Wednesday, February 8, 2012

A Brainstorm in a Teacup?

In the Gym this morning I was reading an article in the New Yorker called Groupthink, the Brainstorming Myth. In this article (sadly it's behind their subscription paywall) they basically say that research has shown that people come up with more ideas working alone than when brainstorming together. They even quote one of my favorite authors Keith Sawyer to prove their point.  Now I can't say for sure but I suspect that they may have taken the quote a bit out of context. Keith is a HUGE supporter of the concepts of group creativity. He recently wrote a blog post defending group creativity from an article in the New York Times.
In the article they talked about an experiment where they had 3 groups try and come up with solutions to a problem.
Group 1 worked individually
Group 2 were told to brainstorm using the classic 'no criticism' rule
Group 3 were told to brainstorm and told that they were allowed to argue about the ideas.

This struck me not as an issue about if brainstorming works but more an issue of how people DO brainstorming. As an improviser I am wedded to the Yes-And concept. It's how we create the reality of a scene. As an Applied Improviser, I am wedded to the same concept. It's how we tap into the the ideas of others to move something forward.  In improv there is a structure to how a game is played or a show is put together. People learn about those structures and learn to play within them (and sometimes just outside them). When you go to an improv class it's the structures that you learn and practice. If you are part of an Applied Improvisation experience, you will likely be given some structure to work within.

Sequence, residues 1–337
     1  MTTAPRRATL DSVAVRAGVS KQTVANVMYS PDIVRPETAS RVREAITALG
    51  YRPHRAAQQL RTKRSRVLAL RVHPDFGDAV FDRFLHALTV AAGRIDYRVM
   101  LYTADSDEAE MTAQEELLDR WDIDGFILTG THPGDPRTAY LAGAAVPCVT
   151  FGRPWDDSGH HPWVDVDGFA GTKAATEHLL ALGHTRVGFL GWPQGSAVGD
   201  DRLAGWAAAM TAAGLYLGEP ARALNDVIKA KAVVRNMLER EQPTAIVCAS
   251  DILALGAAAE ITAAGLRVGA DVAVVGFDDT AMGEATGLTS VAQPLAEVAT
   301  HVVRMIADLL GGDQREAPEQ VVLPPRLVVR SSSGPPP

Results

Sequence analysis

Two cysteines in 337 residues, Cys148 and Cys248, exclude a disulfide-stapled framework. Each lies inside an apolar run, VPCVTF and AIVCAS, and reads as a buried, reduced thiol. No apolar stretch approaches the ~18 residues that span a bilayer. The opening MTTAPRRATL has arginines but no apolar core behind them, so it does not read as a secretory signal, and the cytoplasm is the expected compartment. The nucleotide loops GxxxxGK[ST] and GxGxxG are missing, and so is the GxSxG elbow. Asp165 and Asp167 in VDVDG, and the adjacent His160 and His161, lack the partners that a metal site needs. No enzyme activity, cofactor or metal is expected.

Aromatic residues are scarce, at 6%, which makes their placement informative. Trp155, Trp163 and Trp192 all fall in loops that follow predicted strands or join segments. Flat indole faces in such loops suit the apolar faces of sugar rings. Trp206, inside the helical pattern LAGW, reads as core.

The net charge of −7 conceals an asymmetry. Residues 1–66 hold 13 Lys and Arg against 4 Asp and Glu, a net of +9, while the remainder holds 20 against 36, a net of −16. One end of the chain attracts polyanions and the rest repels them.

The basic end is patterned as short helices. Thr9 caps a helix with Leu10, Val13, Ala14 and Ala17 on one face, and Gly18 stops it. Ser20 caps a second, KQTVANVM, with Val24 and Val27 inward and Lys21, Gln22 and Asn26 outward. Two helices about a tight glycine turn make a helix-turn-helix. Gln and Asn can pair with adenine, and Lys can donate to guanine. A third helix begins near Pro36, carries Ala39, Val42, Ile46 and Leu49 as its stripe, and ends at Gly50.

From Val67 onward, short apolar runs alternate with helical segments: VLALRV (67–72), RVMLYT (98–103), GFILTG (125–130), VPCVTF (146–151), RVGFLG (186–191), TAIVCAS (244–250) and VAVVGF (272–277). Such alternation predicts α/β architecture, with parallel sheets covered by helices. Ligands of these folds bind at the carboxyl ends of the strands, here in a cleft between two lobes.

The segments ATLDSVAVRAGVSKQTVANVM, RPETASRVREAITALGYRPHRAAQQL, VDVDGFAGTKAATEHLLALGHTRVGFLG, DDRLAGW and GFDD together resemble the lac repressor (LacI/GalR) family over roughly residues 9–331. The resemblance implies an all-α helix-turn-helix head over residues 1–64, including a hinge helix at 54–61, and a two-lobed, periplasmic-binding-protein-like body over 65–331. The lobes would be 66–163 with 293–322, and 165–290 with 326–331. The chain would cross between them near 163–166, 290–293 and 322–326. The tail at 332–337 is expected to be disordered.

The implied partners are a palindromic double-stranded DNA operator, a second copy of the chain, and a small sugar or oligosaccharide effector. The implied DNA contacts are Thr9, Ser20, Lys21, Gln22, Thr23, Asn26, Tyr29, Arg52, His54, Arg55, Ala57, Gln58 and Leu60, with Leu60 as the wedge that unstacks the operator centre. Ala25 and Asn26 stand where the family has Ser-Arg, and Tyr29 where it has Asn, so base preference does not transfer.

If you are only told half of the rules or given half of the structure you are going to try your best to work within that but you are not likely to get as far as if you are told all of them.

The classic Osborn-Parnes Creative Problems Solving process is just that, a process. It has a divergent step that is meant to generate lots of ideas and then a convergent step that is meant to look at the ideas critically to see which have the most merit. If you only teach people about the first part then it's no surprise that they don't do the second part well if at all. And it's no surprise that following half the process is less useful than not following it at all.

If you want people to get the most out of well established and hugely productive process, then make sure they know the WHOLE process. They might have to learn about the process before they start it.

Happy Learning

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